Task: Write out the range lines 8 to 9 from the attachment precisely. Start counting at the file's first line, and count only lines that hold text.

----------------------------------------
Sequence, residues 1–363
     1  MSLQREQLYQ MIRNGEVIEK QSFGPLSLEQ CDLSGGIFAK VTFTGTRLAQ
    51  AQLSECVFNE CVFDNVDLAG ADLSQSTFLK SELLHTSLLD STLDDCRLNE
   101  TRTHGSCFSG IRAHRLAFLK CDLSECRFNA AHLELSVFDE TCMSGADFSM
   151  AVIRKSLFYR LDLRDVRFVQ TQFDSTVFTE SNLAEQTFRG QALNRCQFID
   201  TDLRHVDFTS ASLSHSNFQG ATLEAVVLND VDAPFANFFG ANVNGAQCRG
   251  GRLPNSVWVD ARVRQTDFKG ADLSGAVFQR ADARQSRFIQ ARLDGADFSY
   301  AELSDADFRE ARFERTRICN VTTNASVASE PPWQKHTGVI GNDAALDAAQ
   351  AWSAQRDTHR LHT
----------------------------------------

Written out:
   301  AELSDADFRE ARFERTRICN VTTNASVASE PPWQKHTGVI GNDAALDAAQ
   351  AWSAQRDTHR LHT